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Toxic shock


You wouldn’t expect there to be much controversy over the construction of a new Detroit elementary school. But you also wouldn’t expect a school to be built on a contaminated site.

The new Beard Elementary School is being planned for a southwest Detroit site with soil containing arsenic, lead and other contaminants, according to the Detroit Public School’s own documents.

Environmental activist Kathy Milberg says she was dumbfounded by plans to build a school there. She fears that the students could be harmed by the toxic material throughout the 6 1/2 acres.

Pat Thorton is with the Michigan Department of Environmental Quality’s environmental response division and has been working with DPS’s Program Management Team. The management team is made up of six firms DPS hired to renovate old schools and construct new ones. Thorton says that if DPS caps the Chatfield Street site with a barrier and fresh soil, the toxic material should not reach ground level. She also says that DPS must regularly maintain the barrier.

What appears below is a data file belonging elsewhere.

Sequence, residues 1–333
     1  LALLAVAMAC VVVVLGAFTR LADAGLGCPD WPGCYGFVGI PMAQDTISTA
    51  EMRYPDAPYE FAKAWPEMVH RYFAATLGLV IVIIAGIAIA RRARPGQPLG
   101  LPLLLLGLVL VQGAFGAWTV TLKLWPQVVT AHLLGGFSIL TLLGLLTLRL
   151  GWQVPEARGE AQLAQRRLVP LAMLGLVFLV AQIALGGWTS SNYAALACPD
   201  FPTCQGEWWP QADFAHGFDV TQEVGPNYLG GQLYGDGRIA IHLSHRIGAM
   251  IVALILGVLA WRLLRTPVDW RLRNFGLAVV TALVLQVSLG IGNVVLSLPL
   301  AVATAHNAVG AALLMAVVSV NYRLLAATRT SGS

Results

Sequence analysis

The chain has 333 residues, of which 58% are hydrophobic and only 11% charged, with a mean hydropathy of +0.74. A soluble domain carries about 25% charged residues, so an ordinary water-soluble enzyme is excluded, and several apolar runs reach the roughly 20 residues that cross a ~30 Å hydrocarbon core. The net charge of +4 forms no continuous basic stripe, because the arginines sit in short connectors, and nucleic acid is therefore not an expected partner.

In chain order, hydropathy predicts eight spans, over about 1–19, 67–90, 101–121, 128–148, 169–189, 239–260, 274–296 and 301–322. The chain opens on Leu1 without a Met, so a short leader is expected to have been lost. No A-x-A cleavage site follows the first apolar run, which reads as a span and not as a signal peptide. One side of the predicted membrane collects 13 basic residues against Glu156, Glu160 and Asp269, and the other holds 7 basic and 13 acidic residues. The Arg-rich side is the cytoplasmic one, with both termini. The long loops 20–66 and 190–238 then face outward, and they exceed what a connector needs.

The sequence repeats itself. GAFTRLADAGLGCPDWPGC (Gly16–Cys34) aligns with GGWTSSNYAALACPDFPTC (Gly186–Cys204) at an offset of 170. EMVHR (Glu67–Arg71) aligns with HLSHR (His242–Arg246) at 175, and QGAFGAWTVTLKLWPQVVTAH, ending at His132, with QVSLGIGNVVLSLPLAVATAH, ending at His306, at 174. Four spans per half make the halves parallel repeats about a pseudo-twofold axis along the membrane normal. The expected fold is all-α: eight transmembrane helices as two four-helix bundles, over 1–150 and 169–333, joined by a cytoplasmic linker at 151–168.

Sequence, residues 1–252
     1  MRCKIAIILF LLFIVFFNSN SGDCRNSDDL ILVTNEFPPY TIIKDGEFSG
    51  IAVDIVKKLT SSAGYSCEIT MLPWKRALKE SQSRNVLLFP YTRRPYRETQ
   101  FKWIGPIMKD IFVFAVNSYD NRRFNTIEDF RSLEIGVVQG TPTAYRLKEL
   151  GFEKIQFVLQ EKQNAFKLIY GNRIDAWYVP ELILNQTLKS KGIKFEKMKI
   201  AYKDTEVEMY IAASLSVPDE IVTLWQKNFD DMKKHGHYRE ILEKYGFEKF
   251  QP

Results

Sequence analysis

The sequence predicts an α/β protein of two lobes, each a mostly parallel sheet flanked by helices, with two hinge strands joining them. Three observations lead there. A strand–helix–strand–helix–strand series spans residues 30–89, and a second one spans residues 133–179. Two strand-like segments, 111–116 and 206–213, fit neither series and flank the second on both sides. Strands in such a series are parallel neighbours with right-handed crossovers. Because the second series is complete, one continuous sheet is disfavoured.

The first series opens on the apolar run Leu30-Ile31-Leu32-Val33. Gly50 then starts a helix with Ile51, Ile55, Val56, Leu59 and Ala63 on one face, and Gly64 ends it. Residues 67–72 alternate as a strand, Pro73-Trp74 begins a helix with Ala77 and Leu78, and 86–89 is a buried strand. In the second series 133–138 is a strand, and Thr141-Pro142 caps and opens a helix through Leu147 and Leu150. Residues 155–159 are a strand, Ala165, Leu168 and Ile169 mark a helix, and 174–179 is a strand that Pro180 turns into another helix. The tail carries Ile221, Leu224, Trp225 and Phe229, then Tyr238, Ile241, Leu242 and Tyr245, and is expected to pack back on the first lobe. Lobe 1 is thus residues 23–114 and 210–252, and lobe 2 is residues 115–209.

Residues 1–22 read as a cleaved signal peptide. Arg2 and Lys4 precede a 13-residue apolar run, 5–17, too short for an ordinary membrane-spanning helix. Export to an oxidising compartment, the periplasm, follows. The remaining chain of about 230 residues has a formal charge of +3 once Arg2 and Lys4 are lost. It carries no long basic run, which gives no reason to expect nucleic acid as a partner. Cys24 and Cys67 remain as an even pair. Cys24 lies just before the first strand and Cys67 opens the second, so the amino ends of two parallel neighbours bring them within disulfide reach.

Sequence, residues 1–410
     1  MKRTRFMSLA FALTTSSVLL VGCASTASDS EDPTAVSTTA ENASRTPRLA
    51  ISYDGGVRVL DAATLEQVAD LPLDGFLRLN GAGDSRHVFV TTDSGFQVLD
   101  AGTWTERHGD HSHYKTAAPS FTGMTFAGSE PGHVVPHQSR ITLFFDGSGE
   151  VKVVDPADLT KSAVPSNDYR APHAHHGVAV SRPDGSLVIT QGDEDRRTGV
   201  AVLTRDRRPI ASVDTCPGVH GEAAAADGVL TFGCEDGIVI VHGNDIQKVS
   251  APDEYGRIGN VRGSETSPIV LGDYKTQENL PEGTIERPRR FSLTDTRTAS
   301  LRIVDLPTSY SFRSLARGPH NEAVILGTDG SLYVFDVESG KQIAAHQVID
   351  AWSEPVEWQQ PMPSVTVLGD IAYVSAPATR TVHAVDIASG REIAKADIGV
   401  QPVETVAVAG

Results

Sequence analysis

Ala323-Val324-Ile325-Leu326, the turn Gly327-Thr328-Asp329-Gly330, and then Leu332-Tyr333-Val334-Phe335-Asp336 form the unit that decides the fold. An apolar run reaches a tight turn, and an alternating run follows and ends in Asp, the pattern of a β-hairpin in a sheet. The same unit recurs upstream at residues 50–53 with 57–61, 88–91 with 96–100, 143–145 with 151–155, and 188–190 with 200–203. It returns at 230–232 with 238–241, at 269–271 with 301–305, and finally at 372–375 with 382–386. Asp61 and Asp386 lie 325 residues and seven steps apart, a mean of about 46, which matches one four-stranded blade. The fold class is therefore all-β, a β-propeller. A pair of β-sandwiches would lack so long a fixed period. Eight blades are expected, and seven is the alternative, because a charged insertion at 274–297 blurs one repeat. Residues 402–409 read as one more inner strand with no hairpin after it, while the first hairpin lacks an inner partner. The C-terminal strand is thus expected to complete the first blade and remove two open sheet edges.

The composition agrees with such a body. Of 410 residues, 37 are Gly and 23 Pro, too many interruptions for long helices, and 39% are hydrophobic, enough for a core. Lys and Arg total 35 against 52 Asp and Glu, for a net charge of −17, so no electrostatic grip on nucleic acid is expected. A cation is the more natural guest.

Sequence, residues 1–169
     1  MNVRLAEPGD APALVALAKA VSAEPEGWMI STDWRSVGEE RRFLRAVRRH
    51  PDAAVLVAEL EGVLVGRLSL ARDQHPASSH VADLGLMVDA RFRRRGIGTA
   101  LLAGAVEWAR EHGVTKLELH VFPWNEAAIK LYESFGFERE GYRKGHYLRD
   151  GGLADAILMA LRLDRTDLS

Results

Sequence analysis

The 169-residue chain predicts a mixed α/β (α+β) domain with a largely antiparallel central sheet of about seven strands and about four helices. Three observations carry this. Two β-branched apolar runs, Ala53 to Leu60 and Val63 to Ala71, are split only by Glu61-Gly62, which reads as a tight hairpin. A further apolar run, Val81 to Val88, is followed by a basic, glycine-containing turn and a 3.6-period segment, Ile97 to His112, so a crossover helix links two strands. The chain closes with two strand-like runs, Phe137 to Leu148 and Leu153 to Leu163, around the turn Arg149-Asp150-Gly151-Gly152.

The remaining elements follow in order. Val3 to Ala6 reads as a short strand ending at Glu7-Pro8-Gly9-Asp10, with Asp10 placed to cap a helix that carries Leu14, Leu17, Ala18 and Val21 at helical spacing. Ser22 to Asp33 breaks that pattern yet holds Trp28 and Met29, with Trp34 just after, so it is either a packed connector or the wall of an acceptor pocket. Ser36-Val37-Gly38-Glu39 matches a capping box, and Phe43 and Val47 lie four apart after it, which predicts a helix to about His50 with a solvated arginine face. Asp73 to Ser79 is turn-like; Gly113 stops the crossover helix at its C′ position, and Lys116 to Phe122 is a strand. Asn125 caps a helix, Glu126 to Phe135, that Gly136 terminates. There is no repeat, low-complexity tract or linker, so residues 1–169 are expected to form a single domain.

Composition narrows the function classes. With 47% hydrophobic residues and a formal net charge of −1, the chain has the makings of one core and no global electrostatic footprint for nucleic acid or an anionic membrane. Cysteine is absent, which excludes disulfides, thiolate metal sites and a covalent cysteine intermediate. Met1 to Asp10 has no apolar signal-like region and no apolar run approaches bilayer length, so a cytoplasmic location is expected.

The school district intends to do exactly that, according to Richard Schleyer, DPS-PMT environmental manager. Schleyer says that 4 inches of crushed concrete will cover the site and will be topped with 8 inches of new soil at a cost of $300,000.

“There is no means or method for the kids to get contaminated,” he says. “It would have to go through the concrete first and to the soil.”

But this does not comfort Milberg, who fears that groundwater will seep through the crushed concrete and raise the toxics to the surface.

“What happens if they test (the soil) and find there are contaminants? Are they going to close the school?” she says.

The school is scheduled to open Sept. 2001. DPS will hold a public meeting about the issue this month.

Ann Mullen contributed to News Hits, which is edited by Curt Guyette. He can be reached at 313-202-8004 or

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